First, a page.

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Micromechanical modeling of fatigue crack nucleation around non-metallic inclusions in martensitic high-strength steels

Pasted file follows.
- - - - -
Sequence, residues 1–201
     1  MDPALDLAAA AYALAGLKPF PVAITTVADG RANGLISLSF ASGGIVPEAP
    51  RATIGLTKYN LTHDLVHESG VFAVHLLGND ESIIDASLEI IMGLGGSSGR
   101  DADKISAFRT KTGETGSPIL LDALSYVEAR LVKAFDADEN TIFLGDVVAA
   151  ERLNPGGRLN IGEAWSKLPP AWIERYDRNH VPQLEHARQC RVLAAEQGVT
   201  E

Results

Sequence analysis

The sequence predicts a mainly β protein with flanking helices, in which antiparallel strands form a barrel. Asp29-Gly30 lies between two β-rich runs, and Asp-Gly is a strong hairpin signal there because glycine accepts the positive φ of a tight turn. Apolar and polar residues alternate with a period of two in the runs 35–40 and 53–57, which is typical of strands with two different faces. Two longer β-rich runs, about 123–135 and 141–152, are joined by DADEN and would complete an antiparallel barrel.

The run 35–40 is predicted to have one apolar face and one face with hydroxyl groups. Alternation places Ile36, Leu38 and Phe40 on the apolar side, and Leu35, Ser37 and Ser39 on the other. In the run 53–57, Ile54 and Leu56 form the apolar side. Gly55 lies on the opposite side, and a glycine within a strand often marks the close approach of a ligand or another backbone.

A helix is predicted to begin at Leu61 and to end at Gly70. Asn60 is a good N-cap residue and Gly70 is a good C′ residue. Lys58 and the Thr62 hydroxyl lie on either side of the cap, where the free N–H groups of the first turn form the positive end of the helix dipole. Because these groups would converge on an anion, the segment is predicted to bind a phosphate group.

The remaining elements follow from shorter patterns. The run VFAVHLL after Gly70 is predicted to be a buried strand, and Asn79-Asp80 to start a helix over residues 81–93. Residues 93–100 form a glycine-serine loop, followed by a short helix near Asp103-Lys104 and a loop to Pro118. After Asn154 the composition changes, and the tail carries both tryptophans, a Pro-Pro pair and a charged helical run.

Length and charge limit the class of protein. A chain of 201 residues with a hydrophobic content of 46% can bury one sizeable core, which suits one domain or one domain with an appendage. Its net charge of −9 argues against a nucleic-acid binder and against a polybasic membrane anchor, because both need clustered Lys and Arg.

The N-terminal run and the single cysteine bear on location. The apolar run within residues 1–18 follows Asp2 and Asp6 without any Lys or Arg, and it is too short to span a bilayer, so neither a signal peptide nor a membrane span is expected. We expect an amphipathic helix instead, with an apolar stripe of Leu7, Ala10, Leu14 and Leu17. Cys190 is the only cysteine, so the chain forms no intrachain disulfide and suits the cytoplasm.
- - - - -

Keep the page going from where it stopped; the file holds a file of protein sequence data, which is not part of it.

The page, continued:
Martensitic high-strength steels are prone to exhibit premature fatigue failure due to fatigue crack nucleation at non-metallic inclusions and other microstructural defects. This study investigates the fatigue crack nucleation behavior of the martensitic steel SAE 4150 at different microstructural defects by means of micromechanical simulations. Inclusion statistics based on experimental data serve as a reference for the identification of failure-relevant inclusions and defects for the material of interest. A comprehensive numerical design of experiment was performed to systematically assess the influencing parameters of the microstructural defects with respect to their fatigue crack nucleation potential. In particular, the effects of defect type, inclusion–matrix interface configuration, defect size, defect shape and defect alignment to loading axis on fatigue damage behavior were studied and discussed in detail. To account for the evolution of residual stresses around inclusions due to previous heat treatments of the material, an elasto-plastic extension of the micromechanical model is proposed. The non-local Fatemi–Socie parameter was used in this study to quantify the fatigue crack nucleation potential. The numerical results of the study exhibit a loading level-dependent damage potential of the different inclusion–matrix configurations and a fundamental influence of the alignment of specific defect types to the loading axis. These results illustrate that the micromechanical model can quantitatively evaluate the different defects, which can make a valuable contribution to the comparison of different material grades in the future.